The terms "nun" and "sister" are often used interchangeably. However within Roman Catholicism, there is a difference between the two. Here's a simple summary of the differences.
A Catholic nun is a woman who lives as a contemplative life in a monastery which is usually cloistered (or enclosed) or semi-cloistered. Her ministry and prayer life is centered within and around the monastery for the good of the world. She professes the perpetual solemn vows living a life according to the evangelical counsels of poverty, celibacy, and obedience. Check out the Carmelite Nuns of Baltimore for example.
A Catholic sister is a woman who lives, ministers, and prays within the world. A sister's life is often called "active" or "apostolic" because she is engaged in the works of mercy and other ministries that take the Gospel to others where they are. She professes perpetual simple vows living a life according to the evangelical counsels of poverty, celibacy, and obedience. Check out the IHM Sisters of Monroe, Michigan for example.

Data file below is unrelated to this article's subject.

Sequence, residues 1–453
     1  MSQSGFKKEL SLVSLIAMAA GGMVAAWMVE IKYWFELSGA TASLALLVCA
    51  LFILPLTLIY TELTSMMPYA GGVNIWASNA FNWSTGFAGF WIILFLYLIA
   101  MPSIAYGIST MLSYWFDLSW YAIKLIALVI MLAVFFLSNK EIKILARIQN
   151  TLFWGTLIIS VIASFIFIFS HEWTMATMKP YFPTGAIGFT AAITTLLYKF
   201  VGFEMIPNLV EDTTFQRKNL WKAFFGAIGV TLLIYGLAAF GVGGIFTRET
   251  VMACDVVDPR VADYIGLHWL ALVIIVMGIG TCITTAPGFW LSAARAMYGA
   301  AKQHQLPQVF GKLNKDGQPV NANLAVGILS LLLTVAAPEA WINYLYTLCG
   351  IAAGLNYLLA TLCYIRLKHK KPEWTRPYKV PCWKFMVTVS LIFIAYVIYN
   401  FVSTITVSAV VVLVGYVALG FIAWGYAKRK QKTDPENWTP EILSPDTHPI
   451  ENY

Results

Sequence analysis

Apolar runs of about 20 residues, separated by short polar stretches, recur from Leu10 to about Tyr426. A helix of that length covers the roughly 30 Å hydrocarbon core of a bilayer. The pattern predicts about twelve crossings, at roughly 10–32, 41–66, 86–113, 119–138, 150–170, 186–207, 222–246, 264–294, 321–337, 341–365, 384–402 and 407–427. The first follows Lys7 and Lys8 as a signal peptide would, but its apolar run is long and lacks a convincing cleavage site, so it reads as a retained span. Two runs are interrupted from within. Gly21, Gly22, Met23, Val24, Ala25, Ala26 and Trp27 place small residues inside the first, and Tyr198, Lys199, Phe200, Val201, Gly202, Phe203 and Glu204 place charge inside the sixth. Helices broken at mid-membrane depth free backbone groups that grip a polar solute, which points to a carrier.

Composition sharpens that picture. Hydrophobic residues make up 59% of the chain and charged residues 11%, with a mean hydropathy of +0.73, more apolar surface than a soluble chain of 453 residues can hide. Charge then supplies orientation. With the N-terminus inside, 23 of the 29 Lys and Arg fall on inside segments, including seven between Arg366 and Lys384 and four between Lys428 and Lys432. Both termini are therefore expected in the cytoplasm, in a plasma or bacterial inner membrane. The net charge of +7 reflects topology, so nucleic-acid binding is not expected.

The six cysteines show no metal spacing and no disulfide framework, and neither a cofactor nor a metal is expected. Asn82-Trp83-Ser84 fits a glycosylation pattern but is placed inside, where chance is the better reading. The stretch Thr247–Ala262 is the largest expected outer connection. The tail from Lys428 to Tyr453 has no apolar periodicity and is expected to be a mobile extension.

Because both nuns and sisters belong to the church life form of Religious Life, they can also be called "women religious."
As you might have noticed, there is a difference in the type of vows, solemn vs. simple. The New Commentary on the Code of Canon Law explains the distinction this way:
"The older religious orders (monastic, canon regulars, mendicants, Jesuits) have perpetual solemn vows, and the more recent apostolic congregations have perpetual simple vows. The chief juridical difference between the two is that religious who profess a solemn vow of poverty renounce ownership of all their temporal goods, whereas religious who profess a simple vow of poverty have a right to retain ownership of their patrimony (an estate, endowment or anything inherited from one's parents or ancestors) but must give up its use and any revenue."
In ordinary conversation, the terms "nun" and "sister" are used interchangeably. Both nuns and sisters are addressed as "Sister."
In popular culture, the term "nun" is often more widely accessible and immediately understood to refer to women who have professed the vows of poverty, chastity, and obedience.